Anyways, enjoy my itinerary in Australia.

Sydney: I arrived on June 1st from Jakarta, Indonesia. I had an incredibly horrible immigration experience at the Sydney airport. I was questioned for 2 hours, I answered the same questions AGAIN & AGAIN! They demanded to see my bank account details so I was given a computer to log into my online banking account. He demanded my phone password, went away with my phone, photocopied my driver’s license. I was later collected my the customs officer who seem like a genuinely good person. He asked me if I wanted to know why I was being questioned,I said yes. He said it was suspicious for a solo female traveler to travel like I do. SMH!!! Enough with the immigration experience.


I got to my hostel at around 12.30pm. I planned on relaxing my first day in Sydney but my morning experience pissed me off so I decided to explore. I went to the city center to join a Free Walking Tour. The tour was great, we hit all the major sights around the CBD area. The tour ended at Circula Quay where you could see the Sydney bridge and Opera House.

Day 2: I went on a tour to the Blue Mountains with Sightseeing Tours Australia. With this tour, we went to the Scenic world where you can ride world’s steepest scenic railway (that was fun by the way). We stopped at a beautiful small town – Leura – for lunch. We stopped at several other places as well including a waterfall. The tour guide tried very hard to take us to places where we could spot Kangaroos. We were lucky, we saw a few. Check out the video here or click the link at the end of the blog post. Note, the video is not the best but you can still get excited.

Day 3: I had intended on taking the ferry to Manly for the day, however, it rained non-stop. I stayed in bed most of the day, only getting up for lunch and dinner. Good day in bed it was :).

Day 4: Still raining all day. The local news reported the city was having historic flooding. In an attempt not to stay in bed like the previous day, I tried going to the city centre to catch up with another free walking tour. That didn’t happen y’all, I wasn’t feeling the combination of rain + cold so I decided to go to a nearby Café – Café Hernandez.

Day 5: Departed Sydney for warmer climate (Fiji)


I returned to Australia at the end of June (the 25th). I arrived to this pleasant town called Cairns. Weather was on point :). Immigration experience was a breeze :). I stayed in cool hostel here in Cairns – JJ Backpackers. It’s a small town, I was able to explore the whole downtown area the same day I arrived.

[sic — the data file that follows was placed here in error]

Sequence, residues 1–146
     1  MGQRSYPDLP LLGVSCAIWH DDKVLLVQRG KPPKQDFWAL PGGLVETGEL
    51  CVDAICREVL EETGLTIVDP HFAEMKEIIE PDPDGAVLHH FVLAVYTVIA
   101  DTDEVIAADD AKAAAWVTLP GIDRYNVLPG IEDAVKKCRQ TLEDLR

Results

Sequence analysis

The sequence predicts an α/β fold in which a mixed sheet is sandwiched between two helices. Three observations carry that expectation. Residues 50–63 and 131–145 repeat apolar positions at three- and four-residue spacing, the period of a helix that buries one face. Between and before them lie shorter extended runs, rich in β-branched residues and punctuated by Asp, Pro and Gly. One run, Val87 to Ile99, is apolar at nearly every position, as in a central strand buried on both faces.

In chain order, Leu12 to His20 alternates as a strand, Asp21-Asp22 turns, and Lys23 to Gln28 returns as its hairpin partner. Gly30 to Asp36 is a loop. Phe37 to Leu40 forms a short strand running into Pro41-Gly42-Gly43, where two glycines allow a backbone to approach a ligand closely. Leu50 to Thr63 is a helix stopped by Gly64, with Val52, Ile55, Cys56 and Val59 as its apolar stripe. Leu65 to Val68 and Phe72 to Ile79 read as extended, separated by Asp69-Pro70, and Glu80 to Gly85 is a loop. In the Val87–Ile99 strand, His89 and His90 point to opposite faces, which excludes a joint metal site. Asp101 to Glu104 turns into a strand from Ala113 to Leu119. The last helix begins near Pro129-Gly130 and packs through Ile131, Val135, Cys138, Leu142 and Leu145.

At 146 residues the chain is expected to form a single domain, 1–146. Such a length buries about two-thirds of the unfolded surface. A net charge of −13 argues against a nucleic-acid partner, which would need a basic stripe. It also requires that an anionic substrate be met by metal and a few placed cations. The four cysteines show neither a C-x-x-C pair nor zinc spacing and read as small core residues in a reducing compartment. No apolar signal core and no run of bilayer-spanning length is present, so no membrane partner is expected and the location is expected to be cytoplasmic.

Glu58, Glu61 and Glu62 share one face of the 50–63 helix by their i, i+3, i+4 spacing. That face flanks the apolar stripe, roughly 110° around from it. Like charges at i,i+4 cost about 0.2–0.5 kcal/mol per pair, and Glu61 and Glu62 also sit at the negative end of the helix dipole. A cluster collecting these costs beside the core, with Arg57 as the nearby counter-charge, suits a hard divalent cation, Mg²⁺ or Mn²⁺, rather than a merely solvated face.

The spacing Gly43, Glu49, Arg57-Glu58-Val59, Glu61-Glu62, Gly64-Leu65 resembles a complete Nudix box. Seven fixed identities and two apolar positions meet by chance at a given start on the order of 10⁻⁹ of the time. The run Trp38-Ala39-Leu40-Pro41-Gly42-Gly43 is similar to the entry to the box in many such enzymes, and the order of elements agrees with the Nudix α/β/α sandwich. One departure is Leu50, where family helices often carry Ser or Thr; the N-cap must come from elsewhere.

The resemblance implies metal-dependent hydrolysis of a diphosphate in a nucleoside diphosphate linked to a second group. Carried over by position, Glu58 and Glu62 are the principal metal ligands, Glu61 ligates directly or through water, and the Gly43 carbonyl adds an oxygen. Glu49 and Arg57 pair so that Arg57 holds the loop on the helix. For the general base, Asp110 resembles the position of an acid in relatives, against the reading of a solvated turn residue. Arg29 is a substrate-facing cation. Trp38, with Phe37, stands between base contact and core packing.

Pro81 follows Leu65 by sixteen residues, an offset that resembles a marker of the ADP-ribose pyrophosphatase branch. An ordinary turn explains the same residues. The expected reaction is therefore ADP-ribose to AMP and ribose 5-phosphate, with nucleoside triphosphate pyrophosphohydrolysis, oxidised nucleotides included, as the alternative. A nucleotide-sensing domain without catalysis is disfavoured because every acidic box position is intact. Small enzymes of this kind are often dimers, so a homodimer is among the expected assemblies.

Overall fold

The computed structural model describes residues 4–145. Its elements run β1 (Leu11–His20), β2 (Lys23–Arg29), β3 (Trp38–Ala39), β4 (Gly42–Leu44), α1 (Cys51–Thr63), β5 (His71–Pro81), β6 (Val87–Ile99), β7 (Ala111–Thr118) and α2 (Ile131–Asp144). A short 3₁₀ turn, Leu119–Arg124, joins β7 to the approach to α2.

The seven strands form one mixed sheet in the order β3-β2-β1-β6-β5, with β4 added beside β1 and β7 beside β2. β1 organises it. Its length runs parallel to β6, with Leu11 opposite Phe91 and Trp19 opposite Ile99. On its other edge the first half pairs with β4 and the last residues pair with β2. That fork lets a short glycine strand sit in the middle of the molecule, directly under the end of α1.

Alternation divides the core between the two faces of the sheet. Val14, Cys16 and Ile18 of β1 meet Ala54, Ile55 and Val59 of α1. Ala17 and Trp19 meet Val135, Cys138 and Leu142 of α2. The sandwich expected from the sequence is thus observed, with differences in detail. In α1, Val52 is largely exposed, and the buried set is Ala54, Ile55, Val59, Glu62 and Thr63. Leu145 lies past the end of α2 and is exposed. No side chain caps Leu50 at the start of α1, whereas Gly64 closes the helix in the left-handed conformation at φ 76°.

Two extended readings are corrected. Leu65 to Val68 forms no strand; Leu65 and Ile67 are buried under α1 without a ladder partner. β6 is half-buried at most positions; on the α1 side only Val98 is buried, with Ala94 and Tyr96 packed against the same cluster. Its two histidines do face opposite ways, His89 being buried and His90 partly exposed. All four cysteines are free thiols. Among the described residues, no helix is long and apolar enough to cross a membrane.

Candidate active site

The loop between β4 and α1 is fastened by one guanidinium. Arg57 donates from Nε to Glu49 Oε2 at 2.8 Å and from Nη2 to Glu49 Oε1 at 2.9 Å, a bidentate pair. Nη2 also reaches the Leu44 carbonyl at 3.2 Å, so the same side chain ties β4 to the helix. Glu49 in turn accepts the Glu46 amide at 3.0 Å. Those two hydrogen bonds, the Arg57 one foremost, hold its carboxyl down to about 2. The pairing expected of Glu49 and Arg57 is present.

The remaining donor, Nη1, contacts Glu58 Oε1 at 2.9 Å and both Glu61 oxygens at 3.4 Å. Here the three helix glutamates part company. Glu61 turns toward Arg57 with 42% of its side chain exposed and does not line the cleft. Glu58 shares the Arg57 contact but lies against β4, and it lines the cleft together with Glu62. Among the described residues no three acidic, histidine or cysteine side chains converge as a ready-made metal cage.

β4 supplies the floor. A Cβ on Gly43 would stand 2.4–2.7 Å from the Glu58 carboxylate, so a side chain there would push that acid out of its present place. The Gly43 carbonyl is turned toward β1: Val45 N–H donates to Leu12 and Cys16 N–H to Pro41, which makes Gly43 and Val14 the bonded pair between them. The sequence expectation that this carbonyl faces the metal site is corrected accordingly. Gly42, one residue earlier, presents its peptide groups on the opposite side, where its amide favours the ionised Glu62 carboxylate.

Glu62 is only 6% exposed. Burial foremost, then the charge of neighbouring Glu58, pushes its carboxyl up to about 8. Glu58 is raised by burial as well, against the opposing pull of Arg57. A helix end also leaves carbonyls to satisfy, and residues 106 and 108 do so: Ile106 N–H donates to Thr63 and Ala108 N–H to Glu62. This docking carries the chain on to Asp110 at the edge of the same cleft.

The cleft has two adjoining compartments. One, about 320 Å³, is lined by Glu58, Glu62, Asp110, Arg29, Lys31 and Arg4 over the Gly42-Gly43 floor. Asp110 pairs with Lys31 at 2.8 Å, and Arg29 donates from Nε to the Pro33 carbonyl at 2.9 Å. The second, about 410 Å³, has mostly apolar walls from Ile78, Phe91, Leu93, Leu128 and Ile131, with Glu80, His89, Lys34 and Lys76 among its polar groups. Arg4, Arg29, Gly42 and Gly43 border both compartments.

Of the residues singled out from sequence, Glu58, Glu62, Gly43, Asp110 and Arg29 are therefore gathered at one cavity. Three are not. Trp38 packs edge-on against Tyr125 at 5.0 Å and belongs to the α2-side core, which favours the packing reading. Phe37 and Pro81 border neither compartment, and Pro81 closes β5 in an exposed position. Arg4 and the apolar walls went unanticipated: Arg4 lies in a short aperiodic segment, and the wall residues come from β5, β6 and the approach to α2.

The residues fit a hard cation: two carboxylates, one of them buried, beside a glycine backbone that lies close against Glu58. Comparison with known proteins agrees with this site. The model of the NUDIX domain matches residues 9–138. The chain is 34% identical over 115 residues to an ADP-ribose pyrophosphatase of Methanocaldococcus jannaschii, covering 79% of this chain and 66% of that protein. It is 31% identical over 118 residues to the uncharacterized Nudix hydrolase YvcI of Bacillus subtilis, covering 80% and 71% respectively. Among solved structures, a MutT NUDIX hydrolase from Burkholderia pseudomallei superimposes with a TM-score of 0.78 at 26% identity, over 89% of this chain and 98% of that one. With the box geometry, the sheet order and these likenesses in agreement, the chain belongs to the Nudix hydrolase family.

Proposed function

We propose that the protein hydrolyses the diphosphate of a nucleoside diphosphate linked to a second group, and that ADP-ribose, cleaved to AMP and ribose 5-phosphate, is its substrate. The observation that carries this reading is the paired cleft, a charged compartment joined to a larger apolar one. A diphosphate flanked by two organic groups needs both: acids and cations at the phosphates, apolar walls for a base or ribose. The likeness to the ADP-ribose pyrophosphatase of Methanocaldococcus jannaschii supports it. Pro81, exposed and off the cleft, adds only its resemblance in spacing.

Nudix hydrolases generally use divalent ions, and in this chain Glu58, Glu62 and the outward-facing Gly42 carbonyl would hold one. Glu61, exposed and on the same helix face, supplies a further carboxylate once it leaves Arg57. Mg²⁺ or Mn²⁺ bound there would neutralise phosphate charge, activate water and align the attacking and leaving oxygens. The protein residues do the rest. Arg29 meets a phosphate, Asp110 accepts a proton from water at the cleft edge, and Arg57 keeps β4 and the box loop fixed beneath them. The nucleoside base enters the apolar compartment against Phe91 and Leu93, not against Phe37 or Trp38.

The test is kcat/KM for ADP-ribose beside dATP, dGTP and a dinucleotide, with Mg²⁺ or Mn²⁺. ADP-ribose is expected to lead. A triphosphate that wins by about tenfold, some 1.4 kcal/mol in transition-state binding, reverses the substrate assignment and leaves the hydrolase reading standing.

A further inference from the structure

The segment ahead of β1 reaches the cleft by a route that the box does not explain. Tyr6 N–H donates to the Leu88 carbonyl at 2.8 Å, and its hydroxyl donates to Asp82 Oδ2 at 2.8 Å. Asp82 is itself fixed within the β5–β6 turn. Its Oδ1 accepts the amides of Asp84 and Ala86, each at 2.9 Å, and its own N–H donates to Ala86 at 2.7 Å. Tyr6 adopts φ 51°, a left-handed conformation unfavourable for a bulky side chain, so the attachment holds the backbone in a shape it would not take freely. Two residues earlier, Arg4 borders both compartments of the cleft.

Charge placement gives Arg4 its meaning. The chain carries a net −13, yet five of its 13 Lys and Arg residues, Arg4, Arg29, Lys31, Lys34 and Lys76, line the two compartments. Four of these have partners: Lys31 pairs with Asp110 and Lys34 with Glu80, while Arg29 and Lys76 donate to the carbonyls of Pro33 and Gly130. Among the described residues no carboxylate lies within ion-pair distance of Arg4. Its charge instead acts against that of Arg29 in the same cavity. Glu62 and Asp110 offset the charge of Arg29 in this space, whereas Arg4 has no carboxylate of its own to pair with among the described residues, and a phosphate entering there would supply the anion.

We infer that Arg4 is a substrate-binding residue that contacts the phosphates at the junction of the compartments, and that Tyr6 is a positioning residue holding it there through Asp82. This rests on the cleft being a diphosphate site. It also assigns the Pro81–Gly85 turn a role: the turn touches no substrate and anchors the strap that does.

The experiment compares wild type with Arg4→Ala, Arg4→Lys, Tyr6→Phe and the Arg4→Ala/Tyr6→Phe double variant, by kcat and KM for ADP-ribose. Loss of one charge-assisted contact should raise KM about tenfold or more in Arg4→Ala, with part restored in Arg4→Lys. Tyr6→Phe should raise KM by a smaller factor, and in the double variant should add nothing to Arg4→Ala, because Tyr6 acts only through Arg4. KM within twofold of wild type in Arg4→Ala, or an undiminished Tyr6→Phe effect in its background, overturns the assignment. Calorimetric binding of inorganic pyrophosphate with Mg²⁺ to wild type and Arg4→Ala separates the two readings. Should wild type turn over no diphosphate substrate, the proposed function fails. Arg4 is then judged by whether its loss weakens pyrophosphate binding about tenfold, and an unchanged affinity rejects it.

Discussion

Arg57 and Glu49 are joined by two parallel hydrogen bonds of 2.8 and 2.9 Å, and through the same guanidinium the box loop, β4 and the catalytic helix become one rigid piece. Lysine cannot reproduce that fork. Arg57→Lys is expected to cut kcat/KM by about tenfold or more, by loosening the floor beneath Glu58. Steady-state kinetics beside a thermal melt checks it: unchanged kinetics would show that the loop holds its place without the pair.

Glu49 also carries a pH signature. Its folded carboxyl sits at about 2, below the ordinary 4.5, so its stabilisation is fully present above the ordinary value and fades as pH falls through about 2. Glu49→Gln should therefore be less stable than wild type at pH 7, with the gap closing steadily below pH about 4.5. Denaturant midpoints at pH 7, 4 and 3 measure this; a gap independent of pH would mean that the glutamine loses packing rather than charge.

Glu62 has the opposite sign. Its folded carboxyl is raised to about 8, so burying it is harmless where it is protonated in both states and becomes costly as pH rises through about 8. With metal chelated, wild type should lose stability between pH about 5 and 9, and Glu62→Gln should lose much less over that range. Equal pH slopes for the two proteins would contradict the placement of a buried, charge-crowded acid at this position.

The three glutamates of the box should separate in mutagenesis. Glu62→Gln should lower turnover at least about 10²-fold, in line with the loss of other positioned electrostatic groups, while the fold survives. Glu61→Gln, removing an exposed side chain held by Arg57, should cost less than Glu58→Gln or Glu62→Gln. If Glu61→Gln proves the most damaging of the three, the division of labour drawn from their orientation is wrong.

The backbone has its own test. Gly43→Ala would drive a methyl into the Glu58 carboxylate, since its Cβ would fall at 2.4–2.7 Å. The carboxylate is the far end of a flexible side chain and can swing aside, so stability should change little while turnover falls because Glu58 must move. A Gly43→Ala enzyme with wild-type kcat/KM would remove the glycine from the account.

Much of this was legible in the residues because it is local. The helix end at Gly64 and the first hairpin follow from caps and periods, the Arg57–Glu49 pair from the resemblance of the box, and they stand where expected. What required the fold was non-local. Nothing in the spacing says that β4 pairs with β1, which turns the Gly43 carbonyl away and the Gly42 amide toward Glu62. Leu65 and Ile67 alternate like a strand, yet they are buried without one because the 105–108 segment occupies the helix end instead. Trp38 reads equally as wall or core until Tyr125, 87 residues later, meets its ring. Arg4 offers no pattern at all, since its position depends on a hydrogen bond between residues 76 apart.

Day 2: I went on a day tour to the Taberlands (mountains) with the Wallaby tour. The tour was amazing mostly because we got to see two waterfalls :). With the tour, we visited the oldest tree in Australia (500 years) and a Volcanic Crater Lake formed by a volcanic eruption. There is also an amazing trail around the lake, beautiful 45 mins walk around the lake. Next we went to Millaa Millaa Waterfalls, Dinners Falls where we saw a tree kangaroo. Apparently they are very difficult to spot so we were extremely lucky to have seen one. How splendid!

Day 3: Slept in. Walked along the main street. Departed Cairns for Melbourne in the late evening


I arrived very late at night, had to wait 45mins for my shuttle to arrive. Got to my hostel a little after midnight. My hostel has a great name by the way – The Nunnery. On getting to my three bed-dorm room, I noticed I was the only girl, the other two were males. Heart skipped a bit (I lie, a lot). They were sleeping so maybe no problem. Went to bed.

Day 2: Asked the ‘Nuns’ to change my room because I wasn’t comfortablFed Squaree with my current. They were great about it, changed me to an all female dorm. I went to the downtown area to explore. Federation square and the Yarra river caught my attention. I later went to dinner with an American girl from my room.

Day 3: Slept in :). I booked a walking tour with Melbourne by Foot – so at noon, I strolled to the meet up point. The tour was great – 3 hours. He showed and schooled us on the history behind the city, we stopped at historic buildings, arcades, laneways, art alleys and the river. The laneways are beautiful – small alleys lined with cafes, bars and restaurants.